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How Many Refugees Does the United States Accept
With Trump’s immigration ban, you may be wondering, how many refugees does the United States accept? To answer this question, you must do some math.

The United States will not accept any more refugees until May 27, and in the meantime, the Secretary of Homeland Security, the Secretary of State and the Director of National Intelligence, will review the screening procedures for refugees. President Trump’s immigration policy includes a 90-day complete ban on individuals from Iraq, Syria, Sudan, Libya, Somalia and Yemen from entering the United States. Syrian refugees will be banned from entering the United States for an undetermined amount of time.

Over 100,000 refugees were allowed in the United States in 2016 under Obama’s plan, but Trump is capping the number of refugees allowed into the United States at 50,000. The 2017 fiscal year began last October, and as of Jan. 20, 29,895 refugees were already accepted. This leaves room for only about 20,000 more refugees to enter the United States in 2017 under Trump’s plan.

The United States accepted almost 85,000 refugees in 2016, according to the United States Department of State. In 2016, over 45 percent of those refugees were Muslim, the highest recorded number of Muslim refugees in history. President Trump said that he will give Christian refugees priority over Muslim refugees in the future.

David Mednicoff, Assistant Director for Public Policy at the University of Massachusetts Amherst, states that there are many benefits to allowing Syrian refugees in the United States. Syrian refugees bring a knowledge of the conflict in the Middle East and how to diffuse it. Mednicoff believes that if refugees are allowed into the country, they are more likely to show gratitude rather than malice toward the United States.

As you can see, “How many refugees does the United States accept?” is a complicated question. The number of refugees that will be allowed into the United States may change as the 120-day ban ends this summer.

Jennifer Taggart

Photo: Flickr

How Many Senators Are There
How many senators are there? The United States Senate is comprised of 100 Senators, two from each state.

While it may sound simple, developing this representative structure caused a lot of debate at the Constitutional Convention where the U.S. Constitution was drafted. Though only thirteen states existed at this point in 1787, the delegates from these thirteen would form the federal government whose authority would eventually span across fifty states.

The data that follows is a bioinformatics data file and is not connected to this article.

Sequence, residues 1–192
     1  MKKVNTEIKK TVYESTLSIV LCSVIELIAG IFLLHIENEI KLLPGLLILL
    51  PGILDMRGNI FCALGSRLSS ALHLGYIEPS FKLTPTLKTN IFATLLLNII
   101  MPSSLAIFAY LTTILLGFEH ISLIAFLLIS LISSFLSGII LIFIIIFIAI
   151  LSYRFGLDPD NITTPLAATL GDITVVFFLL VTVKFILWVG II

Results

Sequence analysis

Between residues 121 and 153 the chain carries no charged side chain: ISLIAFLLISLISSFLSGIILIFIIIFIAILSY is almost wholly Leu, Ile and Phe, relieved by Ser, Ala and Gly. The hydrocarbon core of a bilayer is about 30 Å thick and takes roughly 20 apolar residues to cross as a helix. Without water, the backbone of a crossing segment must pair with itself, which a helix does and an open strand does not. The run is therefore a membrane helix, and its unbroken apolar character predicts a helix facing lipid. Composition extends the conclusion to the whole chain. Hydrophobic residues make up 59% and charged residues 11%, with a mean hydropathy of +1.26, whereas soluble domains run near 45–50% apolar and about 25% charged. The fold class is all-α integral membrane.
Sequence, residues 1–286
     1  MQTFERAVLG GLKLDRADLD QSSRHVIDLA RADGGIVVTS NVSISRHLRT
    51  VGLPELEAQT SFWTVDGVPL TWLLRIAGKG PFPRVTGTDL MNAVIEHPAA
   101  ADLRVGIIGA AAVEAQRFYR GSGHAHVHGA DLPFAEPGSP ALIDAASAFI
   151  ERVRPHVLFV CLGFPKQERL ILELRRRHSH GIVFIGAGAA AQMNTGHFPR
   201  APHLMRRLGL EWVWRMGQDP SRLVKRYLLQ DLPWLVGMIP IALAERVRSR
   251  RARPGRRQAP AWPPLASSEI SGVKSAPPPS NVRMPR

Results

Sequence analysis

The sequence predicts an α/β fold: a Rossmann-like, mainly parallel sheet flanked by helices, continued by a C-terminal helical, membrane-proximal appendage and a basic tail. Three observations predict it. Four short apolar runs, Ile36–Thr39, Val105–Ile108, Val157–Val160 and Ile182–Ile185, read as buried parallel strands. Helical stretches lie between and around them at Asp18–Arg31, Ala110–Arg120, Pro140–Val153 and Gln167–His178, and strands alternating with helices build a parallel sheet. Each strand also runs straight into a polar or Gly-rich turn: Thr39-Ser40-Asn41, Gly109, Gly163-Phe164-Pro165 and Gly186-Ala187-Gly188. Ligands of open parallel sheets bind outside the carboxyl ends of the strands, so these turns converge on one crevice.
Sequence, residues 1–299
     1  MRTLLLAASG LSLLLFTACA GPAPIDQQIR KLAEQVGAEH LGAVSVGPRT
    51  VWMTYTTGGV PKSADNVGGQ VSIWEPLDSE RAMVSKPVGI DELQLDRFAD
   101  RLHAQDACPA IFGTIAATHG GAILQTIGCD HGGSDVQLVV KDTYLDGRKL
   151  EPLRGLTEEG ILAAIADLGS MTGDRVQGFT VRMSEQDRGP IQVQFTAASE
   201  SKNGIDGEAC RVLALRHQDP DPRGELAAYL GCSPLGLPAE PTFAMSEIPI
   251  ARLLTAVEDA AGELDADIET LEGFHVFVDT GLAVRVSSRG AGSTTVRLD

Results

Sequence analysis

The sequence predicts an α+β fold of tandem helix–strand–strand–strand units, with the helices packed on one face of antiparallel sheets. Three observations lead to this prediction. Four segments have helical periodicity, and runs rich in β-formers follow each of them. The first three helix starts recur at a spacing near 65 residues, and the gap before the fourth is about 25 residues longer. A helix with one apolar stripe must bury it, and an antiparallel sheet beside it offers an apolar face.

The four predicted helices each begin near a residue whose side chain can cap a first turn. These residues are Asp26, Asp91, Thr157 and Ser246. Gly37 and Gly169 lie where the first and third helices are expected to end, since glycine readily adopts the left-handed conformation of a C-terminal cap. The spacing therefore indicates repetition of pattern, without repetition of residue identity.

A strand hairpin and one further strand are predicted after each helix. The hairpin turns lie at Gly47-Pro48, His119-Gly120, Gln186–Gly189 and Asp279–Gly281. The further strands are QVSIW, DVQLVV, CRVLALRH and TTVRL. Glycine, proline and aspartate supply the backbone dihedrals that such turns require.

These statesmen concluded that a body of elected representatives would be the best way to form laws for a country that was broken up into smaller entities. Delegates from larger states created dissension by arguing for representation based on population. The delegates from smaller states felt cheated and refused to agree to this proposed structure, known as the Virginia Plan.

A delegate from New Jersey, a small state, responded by introducing a plan that proposed equal representation for each state. This suggestion was called the New Jersey Plan and mirrored the structure outlined in the Articles of Confederation, the document acting as a sort of temporary constitution at that time. Both sides of the debate threatened to leave the convention if their plan wasn’t used, and the situation looked grim.

It was Roger Sherman, a delegate from Connecticut, who offered the Great Compromise as a solution. His bicameral (two-bodied) system would satisfy both large and small states: he proposed a House of Representatives that would represent states proportionally by population and a Senate that would represent all states equally. Thus began the representative system seen in the U.S. today.

As each new state was added to the union over time, two more senators were added to the Senate. In 1959, the present body of 100 senators was complete, with two senators representing each of the 50 states.

Each senator serves a six-year term with the chance of reelection at the end of this period. In order to be elected as a senator, an individual must be at least 30 years old and have been a U.S. citizen for nine years. Leading this body is the Vice President, who is elected alongside the President every four years.

Senators also belong to smaller bodies within the Senate called “committees” that handle specific tasks. These committees are usually composed of 7 to 15 members, each of whom has extensive power.

Jacob Hess

Sources: FAIR.org, Senate.gov
Photo: Flickr